Jean_'s picture

(post #60829, reply #17 of 26)

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YUM

Lee's picture

(post #60829, reply #19 of 26)

I have a friend who is of Italian descent; she's a wonderful cook, as was her mom, BUT she adds baking soda to her tomato sauce.  I hate it when she serves anything with tomato sauce!  There's no way to avoid eating it, and I can't tell her what I really think, but I can taste it.  I don't know exactly what it does to the tomatoes, but it's not a good thing. 

MadMom's picture

(post #60829, reply #20 of 26)

Does anyone realize this question was asked over six years ago?



Not One More Day!
Not One More Dime! Not One More Life! Not One More Lie!

End the Occupation of Iraq -- Bring the Troops Home Now!

And Take Care of Them When They Get Here!

Lee's picture

(post #60829, reply #21 of 26)

LOL -- that's hilarious!  As for my post, never mind ...

MadMom's picture

(post #60829, reply #22 of 26)

I know - my first clue was when I thought "boy, chiff would have a fit" then read back in the thread and saw she had already replied...in 2000!



Not One More Day!
Not One More Dime! Not One More Life! Not One More Lie!

End the Occupation of Iraq -- Bring the Troops Home Now!

And Take Care of Them When They Get Here!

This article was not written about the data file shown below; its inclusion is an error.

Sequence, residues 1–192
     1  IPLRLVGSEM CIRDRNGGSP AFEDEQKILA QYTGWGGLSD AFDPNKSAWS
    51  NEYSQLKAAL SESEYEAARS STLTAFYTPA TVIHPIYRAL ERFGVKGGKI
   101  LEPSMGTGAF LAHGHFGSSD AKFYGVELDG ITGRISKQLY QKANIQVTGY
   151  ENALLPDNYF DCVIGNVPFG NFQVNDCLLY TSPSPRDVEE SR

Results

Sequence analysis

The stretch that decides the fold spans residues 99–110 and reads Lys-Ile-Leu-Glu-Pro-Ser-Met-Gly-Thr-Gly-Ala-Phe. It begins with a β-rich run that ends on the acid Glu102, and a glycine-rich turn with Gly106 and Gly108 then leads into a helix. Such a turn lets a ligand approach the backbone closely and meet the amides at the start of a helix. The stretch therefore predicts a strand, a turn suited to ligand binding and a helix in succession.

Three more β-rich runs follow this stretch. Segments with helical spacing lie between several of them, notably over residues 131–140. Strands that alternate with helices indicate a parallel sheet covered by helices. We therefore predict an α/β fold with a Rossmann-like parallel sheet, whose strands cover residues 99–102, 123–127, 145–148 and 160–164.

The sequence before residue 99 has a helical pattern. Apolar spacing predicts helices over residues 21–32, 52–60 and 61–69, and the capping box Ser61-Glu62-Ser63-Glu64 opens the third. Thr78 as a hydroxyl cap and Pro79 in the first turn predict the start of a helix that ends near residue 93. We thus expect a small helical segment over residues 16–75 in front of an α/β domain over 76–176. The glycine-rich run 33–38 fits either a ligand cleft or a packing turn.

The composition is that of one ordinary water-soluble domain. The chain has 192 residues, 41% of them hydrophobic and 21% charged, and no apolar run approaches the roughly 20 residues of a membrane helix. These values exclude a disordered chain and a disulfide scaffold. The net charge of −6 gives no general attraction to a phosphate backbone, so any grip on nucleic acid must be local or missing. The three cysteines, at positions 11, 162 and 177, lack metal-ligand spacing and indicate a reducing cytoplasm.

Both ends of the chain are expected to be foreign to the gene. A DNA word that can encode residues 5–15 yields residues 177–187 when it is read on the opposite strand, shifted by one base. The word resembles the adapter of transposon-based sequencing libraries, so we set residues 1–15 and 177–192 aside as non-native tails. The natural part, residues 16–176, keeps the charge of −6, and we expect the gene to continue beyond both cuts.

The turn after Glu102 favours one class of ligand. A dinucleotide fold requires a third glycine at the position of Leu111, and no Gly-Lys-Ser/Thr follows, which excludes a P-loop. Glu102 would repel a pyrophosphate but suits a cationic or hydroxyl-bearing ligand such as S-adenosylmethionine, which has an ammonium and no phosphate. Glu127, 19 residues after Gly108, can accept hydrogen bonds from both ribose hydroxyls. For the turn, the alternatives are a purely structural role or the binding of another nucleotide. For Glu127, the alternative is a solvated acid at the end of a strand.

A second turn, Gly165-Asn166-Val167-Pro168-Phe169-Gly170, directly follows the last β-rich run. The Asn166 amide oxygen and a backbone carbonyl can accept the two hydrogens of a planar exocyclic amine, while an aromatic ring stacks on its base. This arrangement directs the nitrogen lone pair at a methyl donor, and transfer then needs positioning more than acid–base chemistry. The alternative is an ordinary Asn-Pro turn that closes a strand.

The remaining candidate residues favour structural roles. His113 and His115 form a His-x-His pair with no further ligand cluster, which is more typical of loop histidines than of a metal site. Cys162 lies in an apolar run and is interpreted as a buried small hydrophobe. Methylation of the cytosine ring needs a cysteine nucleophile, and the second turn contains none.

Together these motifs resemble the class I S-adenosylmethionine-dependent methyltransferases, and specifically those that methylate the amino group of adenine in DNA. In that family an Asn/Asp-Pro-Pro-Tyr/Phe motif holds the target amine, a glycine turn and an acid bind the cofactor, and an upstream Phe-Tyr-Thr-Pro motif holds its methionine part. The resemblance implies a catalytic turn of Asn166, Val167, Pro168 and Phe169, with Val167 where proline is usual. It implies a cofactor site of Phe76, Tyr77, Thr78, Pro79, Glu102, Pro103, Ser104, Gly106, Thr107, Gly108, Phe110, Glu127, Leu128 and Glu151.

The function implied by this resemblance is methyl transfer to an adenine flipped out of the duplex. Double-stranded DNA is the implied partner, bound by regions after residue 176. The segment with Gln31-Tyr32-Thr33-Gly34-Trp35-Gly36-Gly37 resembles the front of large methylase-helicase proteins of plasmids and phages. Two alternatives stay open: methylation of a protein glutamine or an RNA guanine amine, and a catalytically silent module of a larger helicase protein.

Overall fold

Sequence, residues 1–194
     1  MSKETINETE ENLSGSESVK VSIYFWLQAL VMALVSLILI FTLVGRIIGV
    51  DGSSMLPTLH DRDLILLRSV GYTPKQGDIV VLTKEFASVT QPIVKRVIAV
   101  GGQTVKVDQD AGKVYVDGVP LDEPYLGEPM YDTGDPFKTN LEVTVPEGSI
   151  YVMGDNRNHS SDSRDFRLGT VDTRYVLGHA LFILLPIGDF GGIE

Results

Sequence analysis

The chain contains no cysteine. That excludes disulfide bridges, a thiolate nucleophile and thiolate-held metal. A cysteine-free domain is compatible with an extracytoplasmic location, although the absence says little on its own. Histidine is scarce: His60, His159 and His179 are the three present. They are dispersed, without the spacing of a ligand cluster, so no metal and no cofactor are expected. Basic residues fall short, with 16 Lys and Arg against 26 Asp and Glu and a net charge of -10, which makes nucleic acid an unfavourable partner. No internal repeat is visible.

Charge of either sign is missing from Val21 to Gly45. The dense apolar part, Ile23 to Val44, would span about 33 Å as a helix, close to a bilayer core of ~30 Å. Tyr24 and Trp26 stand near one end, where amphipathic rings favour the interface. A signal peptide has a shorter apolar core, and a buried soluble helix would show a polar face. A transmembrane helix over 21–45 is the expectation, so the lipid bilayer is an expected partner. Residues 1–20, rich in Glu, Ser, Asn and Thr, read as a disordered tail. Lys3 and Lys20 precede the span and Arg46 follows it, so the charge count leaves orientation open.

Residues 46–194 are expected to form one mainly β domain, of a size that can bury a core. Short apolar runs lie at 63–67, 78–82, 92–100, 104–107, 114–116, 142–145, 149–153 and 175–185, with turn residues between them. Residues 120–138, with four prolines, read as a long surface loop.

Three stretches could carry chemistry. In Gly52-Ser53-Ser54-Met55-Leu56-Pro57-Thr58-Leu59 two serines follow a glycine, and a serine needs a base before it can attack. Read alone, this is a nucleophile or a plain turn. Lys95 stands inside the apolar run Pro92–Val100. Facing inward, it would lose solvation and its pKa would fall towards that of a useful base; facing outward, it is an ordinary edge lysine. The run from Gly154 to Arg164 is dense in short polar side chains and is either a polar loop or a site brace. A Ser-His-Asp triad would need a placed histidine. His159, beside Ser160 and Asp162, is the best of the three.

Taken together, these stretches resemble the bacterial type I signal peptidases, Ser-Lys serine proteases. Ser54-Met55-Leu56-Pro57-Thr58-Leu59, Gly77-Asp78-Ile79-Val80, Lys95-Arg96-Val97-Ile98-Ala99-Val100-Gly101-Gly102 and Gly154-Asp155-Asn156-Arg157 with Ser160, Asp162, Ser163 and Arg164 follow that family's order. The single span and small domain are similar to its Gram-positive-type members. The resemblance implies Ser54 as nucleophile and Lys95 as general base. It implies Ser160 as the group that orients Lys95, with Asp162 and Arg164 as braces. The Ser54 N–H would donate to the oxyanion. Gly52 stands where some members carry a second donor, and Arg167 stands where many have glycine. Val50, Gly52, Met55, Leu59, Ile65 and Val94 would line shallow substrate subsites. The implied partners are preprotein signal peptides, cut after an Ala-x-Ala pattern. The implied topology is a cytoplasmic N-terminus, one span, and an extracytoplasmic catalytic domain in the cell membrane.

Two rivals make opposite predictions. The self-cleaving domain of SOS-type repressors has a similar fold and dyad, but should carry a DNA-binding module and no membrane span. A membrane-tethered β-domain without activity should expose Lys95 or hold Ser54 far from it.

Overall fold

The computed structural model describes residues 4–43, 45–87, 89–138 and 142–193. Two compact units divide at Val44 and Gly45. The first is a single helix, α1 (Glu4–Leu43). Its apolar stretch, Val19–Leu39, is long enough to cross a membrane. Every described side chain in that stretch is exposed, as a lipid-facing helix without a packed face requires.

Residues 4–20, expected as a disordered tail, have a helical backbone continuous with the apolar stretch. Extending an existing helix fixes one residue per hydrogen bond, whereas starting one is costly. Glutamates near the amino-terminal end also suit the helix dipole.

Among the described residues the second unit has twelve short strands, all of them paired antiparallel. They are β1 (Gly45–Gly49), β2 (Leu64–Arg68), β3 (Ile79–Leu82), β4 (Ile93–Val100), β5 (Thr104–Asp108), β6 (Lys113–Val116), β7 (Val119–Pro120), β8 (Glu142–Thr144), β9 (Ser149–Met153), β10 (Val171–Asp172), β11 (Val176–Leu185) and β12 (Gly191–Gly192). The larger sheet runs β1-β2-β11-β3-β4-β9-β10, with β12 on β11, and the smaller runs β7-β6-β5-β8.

Gretchen's picture

(post #60829, reply #23 of 26)

I call that REAL spelunking!!  And putting soda in tomato sauce is AWful!!

Gretchen

Gretchen
chiffonade's picture

(post #60829, reply #24 of 26)

...My first clue was when I thought "boy, chiff would have a fit" then read back in the thread and saw she had already replied...in 2000!


ROFLMAO!  I think I need to have There is no sugar in tomato sauce on my headstone or no one will be able to find it.


How did this question get unearthed, anyway?


"You can ask for cheese on your linguini with clam sauce...Just don't do it in front of me."  Mario Batali

*You're a REAL person, eat REAL food."

Chiffonade

MadMom's picture

(post #60829, reply #25 of 26)

Some poor soul came here on her first visit, and on her first and only post, replied to a six year old question. 



Not One More Day!
Not One More Dime! Not One More Life! Not One More Lie!

End the Occupation of Iraq -- Bring the Troops Home Now!

And Take Care of Them When They Get Here!

blondee's picture

(post #60829, reply #18 of 26)

three ways:


 


add a raw carrot or two to the sauce and leave in till soft


or add some sugar or


add 1 1/2 teaspoons of baking soda to counter the acid...not too much tho

kokaneestarr's picture

A whole carrot and a stalk of (post #60829, reply #26 of 26)

A whole carrot and a stalk of celery!